Avram Barlowe: The way that we are opening up a look at Reconstruction is we are looking the kids had read through a series of laws that were passed by seven state legislatures shortly after the end of the Civil War called the Black Codes which, in which Sou south the former Confederates, who then controlled southern state governments were sort of attempting to reassert control over the black population in the South. But what they, what I asked them to do was to look at that material, and to actually look at the text of these laws, and read through, through some of them and, and decide for themselves why they thought, what they thought the laws were, were designed to do, why they thought they were created, what the people who would have defended those laws would have felt about, how, how they would have been defended by the people who wrote them And you'll see, you saw in the class there were multiple interpretations of that.
Avram Barlowe: The culture of the classroom is many things. But one of the important things it is, is, is an attitude towards what the learning process in the classroom is, and attitudes that the, that the kids have, and that the teacher has. And that, if you feel like the, the, the, the discussion has value, if you feel that your voice, and what you think, and your interpretation of the material is important, and is being developed in that discussion. If you're learning something by putting out your ideas, hearing them responded to, being forced to defend them, or if you're sitting and listening to two people who have different ideas and try, and you you're trying to make up your mind what two people or four people or six other people are saying, that if, if you think that has value to you, there's a level of respect you're going to bring to the, to, to what ha to the exchange that's gonna be very high. So that there's a list, for example, in the discussion, people are raising their hands all the time to speak. I'm trying to keep a list.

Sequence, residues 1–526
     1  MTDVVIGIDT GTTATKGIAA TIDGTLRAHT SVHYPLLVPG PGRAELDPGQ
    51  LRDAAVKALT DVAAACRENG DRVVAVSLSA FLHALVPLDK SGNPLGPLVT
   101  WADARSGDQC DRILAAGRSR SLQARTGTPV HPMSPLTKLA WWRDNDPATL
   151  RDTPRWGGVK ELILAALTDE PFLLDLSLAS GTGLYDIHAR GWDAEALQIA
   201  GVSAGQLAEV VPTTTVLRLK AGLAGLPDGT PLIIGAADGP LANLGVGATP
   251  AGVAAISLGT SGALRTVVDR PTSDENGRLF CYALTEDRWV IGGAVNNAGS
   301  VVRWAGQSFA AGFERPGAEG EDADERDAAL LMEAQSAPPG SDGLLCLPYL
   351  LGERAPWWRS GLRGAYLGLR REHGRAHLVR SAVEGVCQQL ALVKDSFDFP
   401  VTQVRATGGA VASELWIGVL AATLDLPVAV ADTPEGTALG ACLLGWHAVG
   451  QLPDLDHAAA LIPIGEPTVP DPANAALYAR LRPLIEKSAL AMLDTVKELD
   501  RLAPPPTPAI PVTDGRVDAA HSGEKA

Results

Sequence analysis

So I'm trying to keep track of the ideas and the comments.
Avram Barlowe: One of the very important things in the management of discussion is being able to hold up the kids' ideas to them so they can see them and reflect on them, and being able to sort of tease out what the disagreements are and what the questions are that are percolating in their discussion, so that they can really maintain a focus in it. So, sometimes you will raise a question, there'll be disagreement or exchange on that question and some of the comments and some of the disagreements will really be begging another question. It's very important in that setting to say, "It seems to me that what Matt and, and Stephanie are arguing about is also this question" and then you, you state that question so the kids can hear it. So that you're constantly holding up their ideas to them in a way that they can look at them and think and, and think about them, so the discussion is not, and you're helping to structure the discussion in that way, even though it's very much them exchanging their ideas.